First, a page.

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Translating cell therapies for neurodegenerative diseases: Huntington’s disease as a model disorder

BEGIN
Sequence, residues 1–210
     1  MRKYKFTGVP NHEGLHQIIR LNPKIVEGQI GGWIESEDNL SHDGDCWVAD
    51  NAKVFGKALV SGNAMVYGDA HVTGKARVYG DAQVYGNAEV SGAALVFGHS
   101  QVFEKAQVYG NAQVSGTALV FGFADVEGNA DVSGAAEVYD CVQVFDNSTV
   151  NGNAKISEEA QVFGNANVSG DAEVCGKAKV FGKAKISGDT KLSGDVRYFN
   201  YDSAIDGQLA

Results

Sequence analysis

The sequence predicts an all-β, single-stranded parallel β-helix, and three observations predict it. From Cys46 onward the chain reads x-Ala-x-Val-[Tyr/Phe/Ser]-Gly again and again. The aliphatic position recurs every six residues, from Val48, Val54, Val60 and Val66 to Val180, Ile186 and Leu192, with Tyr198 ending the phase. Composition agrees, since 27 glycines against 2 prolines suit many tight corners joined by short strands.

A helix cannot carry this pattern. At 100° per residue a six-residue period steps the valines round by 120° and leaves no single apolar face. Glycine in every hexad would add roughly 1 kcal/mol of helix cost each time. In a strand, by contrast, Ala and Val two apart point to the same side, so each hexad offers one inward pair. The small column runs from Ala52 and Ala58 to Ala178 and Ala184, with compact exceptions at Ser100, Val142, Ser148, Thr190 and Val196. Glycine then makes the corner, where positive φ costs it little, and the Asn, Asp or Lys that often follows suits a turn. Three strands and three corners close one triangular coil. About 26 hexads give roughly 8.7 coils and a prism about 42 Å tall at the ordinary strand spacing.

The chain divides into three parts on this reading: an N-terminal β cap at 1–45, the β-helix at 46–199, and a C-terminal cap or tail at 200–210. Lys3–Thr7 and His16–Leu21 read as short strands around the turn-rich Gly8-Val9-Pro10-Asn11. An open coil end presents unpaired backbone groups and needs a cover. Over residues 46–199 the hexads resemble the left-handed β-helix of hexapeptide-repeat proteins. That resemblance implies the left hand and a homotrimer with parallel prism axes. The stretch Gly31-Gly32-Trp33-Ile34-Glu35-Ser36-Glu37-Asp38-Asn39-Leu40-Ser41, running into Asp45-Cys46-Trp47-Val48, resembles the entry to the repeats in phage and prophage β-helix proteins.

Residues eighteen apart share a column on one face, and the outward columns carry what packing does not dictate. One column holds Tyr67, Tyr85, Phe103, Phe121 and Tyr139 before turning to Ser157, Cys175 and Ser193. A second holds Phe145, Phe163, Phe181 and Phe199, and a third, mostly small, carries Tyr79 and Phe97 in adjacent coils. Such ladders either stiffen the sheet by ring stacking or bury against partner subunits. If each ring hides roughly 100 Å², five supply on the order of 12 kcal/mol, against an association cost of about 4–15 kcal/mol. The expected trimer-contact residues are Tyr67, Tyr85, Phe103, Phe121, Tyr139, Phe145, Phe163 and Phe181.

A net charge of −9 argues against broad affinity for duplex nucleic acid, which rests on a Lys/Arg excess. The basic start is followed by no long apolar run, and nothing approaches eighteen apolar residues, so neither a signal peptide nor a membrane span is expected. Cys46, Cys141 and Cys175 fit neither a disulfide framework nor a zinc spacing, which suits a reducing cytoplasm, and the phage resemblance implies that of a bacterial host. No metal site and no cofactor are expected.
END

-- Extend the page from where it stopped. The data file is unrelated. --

There has been substantial progress in the development of regenerative medicine strategies for CNS disorders over the last decade, with progression to early clinical studies for some conditions. However, there are multiple challenges along the translational pipeline, many of which are common across diseases and pertinent to multiple donor cell types. These include defining the point at which the preclinical data are sufficiently compelling to permit progression to the first clinical studies; scaling-up, characterization, quality control and validation of the cell product; design, validation and approval of the surgical device; and operative procedures for safe and effective delivery of cell product to the brain. Furthermore, clinical trials that incorporate principles of efficient design and disease-specific outcomes are urgently needed (particularly for those undertaken in rare diseases, where relatively small cohorts are an additional limiting factor), and all processes must be adaptable in a dynamic regulatory environment. Here we set out the challenges associated with the clinical translation of cell therapy, using Huntington's disease as a specific example, and suggest potential strategies to address these challenges. Huntington's disease presents a clear unmet need, but, importantly, it is an autosomal dominant condition with a readily available gene test, full genetic penetrance and a wide range of associated animal models, which together mean that it is a powerful condition in which to develop principles and test experimental therapeutics. We propose that solving these challenges in Huntington's disease would provide a road map for many other neurological conditions. This white paper represents a consensus opinion emerging from a series of meetings of the international translational platforms Stem Cells for Huntington's Disease and the European Huntington's Disease Network Advanced Therapies Working Group, established to identify the challenges of cell therapy, share experience, develop guidance and highlight future directions, with the aim to expedite progress towards therapies for clinical benefit in Huntington's disease.

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